Elephanta Caves & MumbaiFebruary 13 in India ⋅ ⛅ 30 °C
Feeling a bit better today so decided to head out and tackle the three (3!!) world heritage sites in Mumbai. After some breakfast at a western style cafe with tasty food and glacial service, we headed for the Gateway to India at the entrance to Mumbai harbour and caught a ferry across to Elephanta Caves.
Here there were more Hindu rock art caves, pretty similar to what we'd just seen at Ellora and Ajanta, and sadly these were by far the least impressive. Only five caves here, and really only the first cave has something interesting in it - a huge three-headed statue of Shiva known as the Trimurti. It was quite interesting looking at the three-faced head sculpture and reading the Wikipedia article, learning about it. Apparently it represents the three aspects of Shiva, the chief god of Hindus.
One side was slightly feminine, wearing jewellery and holding a lotus leaf, representing fertility. The centre face was serene and holding a shield, showing protection. While the third face looked furious and held a sword, representing destruction. It was probably the best single carving we'd seen in any of the three cave sites, but there was very little else here besides aggro monkeys and souvenir stands, so we beat a hasty retreat.
Sailed back across the harbour in the early afternoon and started wandering. The two sites in Mumbai are the Victorian Gothic and Art Deco Buildings, as well as a separate listing for the huge Chhatrapatti Shivastri Terminus railway station.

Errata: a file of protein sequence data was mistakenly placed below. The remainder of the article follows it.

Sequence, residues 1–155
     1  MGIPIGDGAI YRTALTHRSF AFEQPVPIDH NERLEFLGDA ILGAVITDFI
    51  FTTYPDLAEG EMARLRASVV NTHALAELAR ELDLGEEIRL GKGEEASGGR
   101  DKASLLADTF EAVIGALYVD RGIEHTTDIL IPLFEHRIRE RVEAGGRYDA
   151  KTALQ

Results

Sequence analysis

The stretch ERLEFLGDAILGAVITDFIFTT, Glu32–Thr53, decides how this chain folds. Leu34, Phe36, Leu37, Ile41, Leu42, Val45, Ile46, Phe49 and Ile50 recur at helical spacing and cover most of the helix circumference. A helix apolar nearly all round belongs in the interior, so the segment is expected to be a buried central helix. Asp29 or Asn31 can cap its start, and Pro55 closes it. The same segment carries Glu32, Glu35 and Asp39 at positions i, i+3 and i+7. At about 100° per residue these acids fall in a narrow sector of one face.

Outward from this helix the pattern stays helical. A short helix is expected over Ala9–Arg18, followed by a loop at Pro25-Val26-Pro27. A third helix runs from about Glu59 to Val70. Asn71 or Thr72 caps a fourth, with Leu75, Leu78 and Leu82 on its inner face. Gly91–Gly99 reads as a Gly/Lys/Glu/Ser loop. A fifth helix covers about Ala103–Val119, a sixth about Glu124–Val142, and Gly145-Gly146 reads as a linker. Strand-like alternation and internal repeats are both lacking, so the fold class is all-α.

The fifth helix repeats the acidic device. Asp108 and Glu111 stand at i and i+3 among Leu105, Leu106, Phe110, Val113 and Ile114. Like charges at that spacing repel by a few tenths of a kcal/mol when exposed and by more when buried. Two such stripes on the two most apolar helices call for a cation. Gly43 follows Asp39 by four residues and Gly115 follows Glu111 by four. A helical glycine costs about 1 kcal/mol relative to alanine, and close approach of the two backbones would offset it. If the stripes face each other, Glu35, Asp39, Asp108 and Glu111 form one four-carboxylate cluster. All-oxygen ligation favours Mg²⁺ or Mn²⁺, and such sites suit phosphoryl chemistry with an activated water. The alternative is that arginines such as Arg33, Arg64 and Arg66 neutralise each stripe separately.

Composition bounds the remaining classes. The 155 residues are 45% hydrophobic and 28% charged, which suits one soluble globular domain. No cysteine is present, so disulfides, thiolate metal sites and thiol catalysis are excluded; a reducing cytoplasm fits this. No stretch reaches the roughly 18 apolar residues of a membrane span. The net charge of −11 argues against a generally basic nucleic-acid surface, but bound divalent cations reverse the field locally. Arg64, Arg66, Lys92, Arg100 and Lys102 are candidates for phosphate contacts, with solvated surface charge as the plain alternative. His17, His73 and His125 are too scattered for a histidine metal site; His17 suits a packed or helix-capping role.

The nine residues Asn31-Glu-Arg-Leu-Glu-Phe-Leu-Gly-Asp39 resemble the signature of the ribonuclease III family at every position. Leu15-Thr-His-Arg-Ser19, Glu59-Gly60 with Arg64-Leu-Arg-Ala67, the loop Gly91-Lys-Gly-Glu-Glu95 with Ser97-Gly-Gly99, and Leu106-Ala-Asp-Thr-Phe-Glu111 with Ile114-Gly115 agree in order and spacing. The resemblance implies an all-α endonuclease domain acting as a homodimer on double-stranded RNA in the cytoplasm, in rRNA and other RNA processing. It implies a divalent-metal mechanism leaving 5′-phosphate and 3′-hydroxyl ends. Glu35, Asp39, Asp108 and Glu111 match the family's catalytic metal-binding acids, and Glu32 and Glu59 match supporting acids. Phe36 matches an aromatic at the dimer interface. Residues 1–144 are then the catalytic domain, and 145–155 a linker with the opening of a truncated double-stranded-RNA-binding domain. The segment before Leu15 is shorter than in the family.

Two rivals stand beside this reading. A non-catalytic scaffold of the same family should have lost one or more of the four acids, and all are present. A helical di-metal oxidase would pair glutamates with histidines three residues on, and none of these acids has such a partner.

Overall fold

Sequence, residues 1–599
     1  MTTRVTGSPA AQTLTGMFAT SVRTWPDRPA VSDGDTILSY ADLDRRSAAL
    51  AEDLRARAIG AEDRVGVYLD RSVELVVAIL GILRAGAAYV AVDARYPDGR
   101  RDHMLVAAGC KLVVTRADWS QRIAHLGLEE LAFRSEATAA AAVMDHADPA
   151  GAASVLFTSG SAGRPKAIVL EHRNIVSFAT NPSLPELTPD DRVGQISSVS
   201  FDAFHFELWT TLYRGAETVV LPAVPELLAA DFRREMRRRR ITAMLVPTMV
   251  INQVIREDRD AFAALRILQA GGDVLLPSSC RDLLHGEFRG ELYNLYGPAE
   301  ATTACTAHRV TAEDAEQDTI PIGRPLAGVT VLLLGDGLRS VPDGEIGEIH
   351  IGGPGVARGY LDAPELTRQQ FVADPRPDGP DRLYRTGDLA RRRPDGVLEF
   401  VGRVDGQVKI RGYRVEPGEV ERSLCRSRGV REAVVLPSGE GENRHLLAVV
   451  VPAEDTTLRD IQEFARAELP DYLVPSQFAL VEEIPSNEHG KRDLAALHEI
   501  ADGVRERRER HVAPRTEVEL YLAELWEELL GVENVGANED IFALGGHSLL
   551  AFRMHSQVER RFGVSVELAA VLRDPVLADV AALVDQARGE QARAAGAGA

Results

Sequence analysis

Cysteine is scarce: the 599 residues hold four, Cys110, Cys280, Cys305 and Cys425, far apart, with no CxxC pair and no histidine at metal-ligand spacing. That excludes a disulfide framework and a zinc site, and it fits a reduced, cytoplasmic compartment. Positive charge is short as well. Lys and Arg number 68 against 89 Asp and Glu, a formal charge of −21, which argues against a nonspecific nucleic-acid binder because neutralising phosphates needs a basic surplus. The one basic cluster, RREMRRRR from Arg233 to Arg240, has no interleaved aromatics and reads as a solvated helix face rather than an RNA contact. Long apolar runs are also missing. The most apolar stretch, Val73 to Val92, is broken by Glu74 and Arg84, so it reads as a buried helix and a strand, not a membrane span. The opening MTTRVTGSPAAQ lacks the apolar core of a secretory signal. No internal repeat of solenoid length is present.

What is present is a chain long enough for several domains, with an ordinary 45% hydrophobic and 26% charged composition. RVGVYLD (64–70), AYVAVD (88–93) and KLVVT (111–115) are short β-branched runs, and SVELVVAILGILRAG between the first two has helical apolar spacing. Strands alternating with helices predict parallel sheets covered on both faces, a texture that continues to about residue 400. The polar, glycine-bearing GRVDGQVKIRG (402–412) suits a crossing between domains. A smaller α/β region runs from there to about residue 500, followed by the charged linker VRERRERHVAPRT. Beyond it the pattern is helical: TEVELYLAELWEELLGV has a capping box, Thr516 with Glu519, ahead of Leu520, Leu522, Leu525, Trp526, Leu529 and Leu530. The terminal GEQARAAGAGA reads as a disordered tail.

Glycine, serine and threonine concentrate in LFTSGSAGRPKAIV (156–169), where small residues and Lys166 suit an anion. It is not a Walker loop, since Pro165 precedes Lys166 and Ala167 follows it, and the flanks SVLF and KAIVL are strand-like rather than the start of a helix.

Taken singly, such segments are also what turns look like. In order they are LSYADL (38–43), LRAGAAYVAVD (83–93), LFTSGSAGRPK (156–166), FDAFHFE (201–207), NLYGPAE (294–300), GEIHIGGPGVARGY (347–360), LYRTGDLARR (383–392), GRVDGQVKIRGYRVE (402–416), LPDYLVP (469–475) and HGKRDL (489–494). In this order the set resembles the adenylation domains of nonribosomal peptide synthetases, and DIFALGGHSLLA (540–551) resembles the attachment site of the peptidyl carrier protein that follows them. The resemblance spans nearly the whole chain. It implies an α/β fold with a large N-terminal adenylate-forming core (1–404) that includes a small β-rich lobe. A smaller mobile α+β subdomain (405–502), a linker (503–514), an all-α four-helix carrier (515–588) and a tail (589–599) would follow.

Mumbai is actually probably my favourite Indian city, as the buildings are quite interesting. You can really see how important it was during the colonial era, as there's heaps of old buildings like that around. These days they're occupied by government offices, law courts, post offices and so on, but they're dotted around and very interesting to see. More trees here than elsewhere too, plus a large park in the centre of town called the Maidan. It was actually mostly green and of course had about 10 different cricket matches happening.
Last stop as evening approached was the main railway station. Dating from the 19th century and formerly known as Victoria Terminus, it was renamed after independence for an Indian king of yesteryear. The building itself is magnificent, with Gothic flourishes, sculptures and incredible details all over the front and interior. I'd hoped to do the building tour which ran frequently in the afternoon (and which Shandos had done the day prior), but alas we were just too late. Oh well.
Back to the nearby hotel where we went to the western-style cafe across the road for dinner. I managed a chicken burger for dinner even though it was way too spicy, but didn't feel up to a beer. Realised I hadn't had a single beer since arriving in India!Read more